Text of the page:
• Invasive- invade locally and metastasize

  • Occult- not clinically apparent in primary site but present as metastatic disease


Prostatic carcinoma through all layers. There is no evidence of invasion in the biopsy.


Adenocarcinoma of the prostate through all layers. There is no evidence of invasion in the biopsy.

Well differentiated

Poorly differentiated


Prostatic adenocarcinoma through all layers. There is no evidence of invasion in the biopsy.withprominent nucleoli


Carcinoma of the prostate through all layers. There is no evidence of invasion in the biopsy.


PSA staining of prostate carcinoma through all layers. There is no evidence of invasion in the biopsy.


Clinical feature4
Clinical feature through all layers. There is no evidence of invasion in the biopsy.

  • Often clinically silent

  • Urinary symptoms (delay in starting to pass urine, poor stream, terminal dribbling)

  • Hard, craggy prostate on rectal examination


Spread of prostatic carcinoma
Spread of prostatic carcinoma through all layers. There is no evidence of invasion in the biopsy.

  • Direct

  • Lymphatic

  • Hematogenic: most commonly to bone


Bone metastasis of prostatic carcinoma through all layers. There is no evidence of invasion in the biopsy.


Treatment1
Treatment through all layers. There is no evidence of invasion in the biopsy.

  • Radical prostatectomy

  • Reduce androgen levels

  • Orchidectomy

  • Treatment with estrogenic drugs


Squamous carcinoma of the penis through all layers. There is no evidence of invasion in the biopsy.


Squamous carcinoma of the penis through all layers. There is no evidence of invasion in the biopsy.


Germ cell neoplasms
Germ cell neoplasms through all layers. There is no evidence of invasion in the biopsy.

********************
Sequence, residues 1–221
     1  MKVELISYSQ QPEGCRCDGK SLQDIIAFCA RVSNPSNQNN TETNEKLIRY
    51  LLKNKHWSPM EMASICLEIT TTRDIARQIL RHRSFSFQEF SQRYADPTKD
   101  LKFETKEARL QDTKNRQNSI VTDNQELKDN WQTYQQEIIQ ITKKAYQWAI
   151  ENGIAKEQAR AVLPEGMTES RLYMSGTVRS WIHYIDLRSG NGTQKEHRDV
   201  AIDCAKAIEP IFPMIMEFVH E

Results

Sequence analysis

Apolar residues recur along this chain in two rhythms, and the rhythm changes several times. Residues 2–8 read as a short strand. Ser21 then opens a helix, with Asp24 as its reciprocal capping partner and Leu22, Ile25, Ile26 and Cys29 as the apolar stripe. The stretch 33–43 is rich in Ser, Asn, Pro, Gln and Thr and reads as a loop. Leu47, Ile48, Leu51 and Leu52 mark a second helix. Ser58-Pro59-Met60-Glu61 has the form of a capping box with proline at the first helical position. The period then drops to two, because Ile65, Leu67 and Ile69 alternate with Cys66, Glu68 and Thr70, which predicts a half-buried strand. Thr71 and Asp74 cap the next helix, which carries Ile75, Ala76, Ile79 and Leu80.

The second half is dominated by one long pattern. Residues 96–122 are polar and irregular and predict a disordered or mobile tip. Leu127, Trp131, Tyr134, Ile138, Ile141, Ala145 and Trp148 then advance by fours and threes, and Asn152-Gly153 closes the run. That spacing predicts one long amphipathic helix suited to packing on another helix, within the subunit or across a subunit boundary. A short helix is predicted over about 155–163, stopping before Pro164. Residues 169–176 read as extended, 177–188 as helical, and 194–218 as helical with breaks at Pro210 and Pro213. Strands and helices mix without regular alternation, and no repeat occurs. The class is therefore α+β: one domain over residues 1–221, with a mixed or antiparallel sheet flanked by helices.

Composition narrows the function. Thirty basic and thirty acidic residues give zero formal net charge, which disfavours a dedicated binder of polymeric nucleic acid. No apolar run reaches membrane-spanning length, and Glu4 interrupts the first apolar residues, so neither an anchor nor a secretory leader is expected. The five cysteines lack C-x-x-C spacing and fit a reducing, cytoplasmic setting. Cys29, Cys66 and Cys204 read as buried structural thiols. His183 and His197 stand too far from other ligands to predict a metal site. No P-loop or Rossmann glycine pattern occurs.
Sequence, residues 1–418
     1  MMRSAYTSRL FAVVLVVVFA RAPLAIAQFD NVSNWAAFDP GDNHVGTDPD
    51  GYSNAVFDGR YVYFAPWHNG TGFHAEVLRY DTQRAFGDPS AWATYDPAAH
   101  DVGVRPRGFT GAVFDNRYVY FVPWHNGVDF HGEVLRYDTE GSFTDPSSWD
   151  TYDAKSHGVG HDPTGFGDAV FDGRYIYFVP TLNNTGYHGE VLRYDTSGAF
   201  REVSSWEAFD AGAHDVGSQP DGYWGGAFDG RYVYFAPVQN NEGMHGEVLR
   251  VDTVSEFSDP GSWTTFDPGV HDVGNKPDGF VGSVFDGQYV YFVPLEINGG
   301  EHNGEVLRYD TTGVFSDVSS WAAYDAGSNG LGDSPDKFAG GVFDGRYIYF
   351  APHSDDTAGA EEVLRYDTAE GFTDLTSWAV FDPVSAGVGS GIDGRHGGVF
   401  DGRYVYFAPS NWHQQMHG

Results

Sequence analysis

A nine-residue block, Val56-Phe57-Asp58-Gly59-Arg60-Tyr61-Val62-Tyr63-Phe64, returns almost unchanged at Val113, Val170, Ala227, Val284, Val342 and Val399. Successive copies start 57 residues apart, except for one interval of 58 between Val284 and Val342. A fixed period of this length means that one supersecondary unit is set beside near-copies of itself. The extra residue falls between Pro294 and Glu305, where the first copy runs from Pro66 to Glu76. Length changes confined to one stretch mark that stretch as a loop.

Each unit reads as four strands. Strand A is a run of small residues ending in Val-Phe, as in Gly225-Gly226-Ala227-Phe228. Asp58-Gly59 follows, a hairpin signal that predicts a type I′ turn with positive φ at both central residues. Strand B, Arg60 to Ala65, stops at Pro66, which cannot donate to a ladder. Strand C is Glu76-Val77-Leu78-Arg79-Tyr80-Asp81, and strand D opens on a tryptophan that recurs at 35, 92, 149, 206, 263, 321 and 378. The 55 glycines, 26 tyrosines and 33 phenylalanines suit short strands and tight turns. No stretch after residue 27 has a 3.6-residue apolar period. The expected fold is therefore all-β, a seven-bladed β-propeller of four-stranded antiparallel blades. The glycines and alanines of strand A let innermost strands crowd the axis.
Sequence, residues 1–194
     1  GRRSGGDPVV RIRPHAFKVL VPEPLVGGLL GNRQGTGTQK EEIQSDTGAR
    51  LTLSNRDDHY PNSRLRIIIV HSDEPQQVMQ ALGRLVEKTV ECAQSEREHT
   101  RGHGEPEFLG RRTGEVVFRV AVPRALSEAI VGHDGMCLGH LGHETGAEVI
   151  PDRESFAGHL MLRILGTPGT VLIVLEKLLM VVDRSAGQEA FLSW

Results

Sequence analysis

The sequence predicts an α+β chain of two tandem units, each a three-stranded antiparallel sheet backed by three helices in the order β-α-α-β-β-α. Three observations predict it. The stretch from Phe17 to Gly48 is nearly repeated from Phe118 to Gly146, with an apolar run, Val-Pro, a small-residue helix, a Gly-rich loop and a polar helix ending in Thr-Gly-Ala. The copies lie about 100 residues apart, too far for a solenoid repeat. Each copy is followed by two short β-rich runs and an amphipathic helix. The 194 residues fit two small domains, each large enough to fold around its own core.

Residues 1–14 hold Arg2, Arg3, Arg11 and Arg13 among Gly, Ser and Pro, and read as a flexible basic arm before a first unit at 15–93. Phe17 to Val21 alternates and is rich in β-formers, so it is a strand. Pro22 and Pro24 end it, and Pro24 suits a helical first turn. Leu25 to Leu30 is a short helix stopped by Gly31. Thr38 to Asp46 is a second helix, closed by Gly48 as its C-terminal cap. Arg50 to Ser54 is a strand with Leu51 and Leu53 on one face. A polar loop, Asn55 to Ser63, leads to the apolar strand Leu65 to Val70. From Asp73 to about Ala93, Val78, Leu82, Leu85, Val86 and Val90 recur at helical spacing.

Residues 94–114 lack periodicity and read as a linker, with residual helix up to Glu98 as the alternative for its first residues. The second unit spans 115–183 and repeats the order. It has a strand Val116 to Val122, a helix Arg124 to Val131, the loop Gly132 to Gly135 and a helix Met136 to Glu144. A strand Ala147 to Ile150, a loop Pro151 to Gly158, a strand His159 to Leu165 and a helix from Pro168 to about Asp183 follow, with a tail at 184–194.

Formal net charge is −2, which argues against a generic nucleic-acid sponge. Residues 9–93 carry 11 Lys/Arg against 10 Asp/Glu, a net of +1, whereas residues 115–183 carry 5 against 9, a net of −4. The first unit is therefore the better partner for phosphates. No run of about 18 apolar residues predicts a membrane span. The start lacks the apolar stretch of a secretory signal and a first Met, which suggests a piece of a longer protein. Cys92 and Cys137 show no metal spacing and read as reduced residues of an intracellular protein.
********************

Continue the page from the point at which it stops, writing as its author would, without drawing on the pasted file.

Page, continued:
• Most common types of testicular neoplasm

  • Most common in the 15 to 34 age range

  • Types:

  • Seminoma (malignant)

  • Embryonal carcinoma (malignant)

  • Teratoma (benign and malignant)

  • Yolk sac tumor (malignant)


Seminoma of the testis through all layers. There is no evidence of invasion in the biopsy.


Seminoma through all layers. There is no evidence of invasion in the biopsy.


Embryonal carcinoma through all layers. There is no evidence of invasion in the biopsy.


Teratoma through all layers. There is no evidence of invasion in the biopsy.


Yolk sac tumor through all layers. There is no evidence of invasion in the biopsy.


Outline
Outline through all layers. There is no evidence of invasion in the biopsy.

  • Diseases of male reproductive system

  • Sexually transmitted disease(STD)


Classical veneral diseases
Classical veneral diseases through all layers. There is no evidence of invasion in the biopsy.

  • Syphilis

  • Gonorrhea

  • Chancroid

  • Lymphogranuloma venereum

  • Granuloma inguinale


Sexually transmitted diseases std
Sexually transmitted diseases (STD) through all layers. There is no evidence of invasion in the biopsy.